Rating:
[3 of 5 Stars!]
Wicked Fantasy (Full Book)
Click to show product description

Add to DriveThruRPG.com Order

Cat (Revised & Expanded)
by Allan D. [Verified Purchaser] Date Added: 12/11/2015 12:19:43

Cat Revised is just exactly as it sounds. A simple and fun game with an interesting concept. All cats are the protector of humans from evil spirits called 'Boggins'. The system allows an extremely quick start-up and easy to follow. Includes the creation rules for dogs, humans, and boggins; which allow storytellers an extremely wide range of flexibility with the system and possible story-lines. It is AMAZING for getting kids excited about role-playing for the first time!



Rating:
[5 of 5 Stars!]
Cat (Revised & Expanded)
Click to show product description

Add to DriveThruRPG.com Order

The Big Book of Little Games
by Robert L. [Verified Purchaser] Date Added: 10/12/2015 14:24:12

Excellent package. Absolutely loved the concept for the CATS! rag and can hardly wait to play a game.



Rating:
[5 of 5 Stars!]
The Big Book of Little Games
Click to show product description

Add to DriveThruRPG.com Order

Wicked Fantasy (Full Book)
by Alex L. [Verified Purchaser] Date Added: 07/11/2015 00:41:34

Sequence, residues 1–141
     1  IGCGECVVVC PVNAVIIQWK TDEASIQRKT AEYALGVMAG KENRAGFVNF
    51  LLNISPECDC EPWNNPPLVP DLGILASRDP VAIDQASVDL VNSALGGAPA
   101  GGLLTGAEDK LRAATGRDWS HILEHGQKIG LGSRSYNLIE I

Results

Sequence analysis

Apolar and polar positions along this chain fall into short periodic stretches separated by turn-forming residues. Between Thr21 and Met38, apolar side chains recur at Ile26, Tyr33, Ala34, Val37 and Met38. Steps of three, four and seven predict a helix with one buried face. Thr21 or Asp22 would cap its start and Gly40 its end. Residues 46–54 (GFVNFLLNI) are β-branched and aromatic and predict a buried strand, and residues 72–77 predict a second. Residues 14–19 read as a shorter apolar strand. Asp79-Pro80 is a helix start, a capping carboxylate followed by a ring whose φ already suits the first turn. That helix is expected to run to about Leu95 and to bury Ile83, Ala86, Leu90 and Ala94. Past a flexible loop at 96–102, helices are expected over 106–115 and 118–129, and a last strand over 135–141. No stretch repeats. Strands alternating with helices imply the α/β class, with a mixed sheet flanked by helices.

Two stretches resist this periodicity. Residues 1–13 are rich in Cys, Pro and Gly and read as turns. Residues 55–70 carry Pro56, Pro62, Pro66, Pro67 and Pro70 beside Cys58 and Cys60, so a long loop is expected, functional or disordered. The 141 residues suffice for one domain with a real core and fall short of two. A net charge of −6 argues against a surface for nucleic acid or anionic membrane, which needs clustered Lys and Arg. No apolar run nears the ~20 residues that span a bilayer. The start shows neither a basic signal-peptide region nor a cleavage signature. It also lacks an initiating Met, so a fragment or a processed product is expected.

This book is simply dynamite! Wick's unorthodox reimagining of these beloved (and often stale) races is a breath of fresh air. The ideas he presents can become your new understanding of each race, or you can do what I did and treat the racial genesis story as a LOCAL genesis. So maybe not ALL orcs are "orks" but on this island, they are.


I haven't been so impressed with a supplement in a long time!



Rating:
[5 of 5 Stars!]
Wicked Fantasy (Full Book)
Click to show product description

Add to DriveThruRPG.com Order

Play Dirty
by Andrew W. [Verified Purchaser] Date Added: 04/09/2015 00:35:02

This should be in every GM's collection. Even if you don't use it, you'll wish you could.



Rating:
[5 of 5 Stars!]
Play Dirty
Click to show product description

Add to DriveThruRPG.com Order

Swordsman's Guild
by Allan D. [Verified Purchaser] Date Added: 11/29/2014 22:08:23

  1. Anything made in Seventh Sea is Awesome.

  2. This is a must have book for any Seventh Sea campaign. It includes multiple schools and Grand Mastering Rules for Seventh Sea. Which are incredibly different and better than the rules posted on the Crystal Keep website.

  3. This book also includes rules for running and role playing characters who are members of the Swordsman's Guild to include Razors and named Characters.

  4. Book is organized in a great way that makes it easy to read and reference quickly.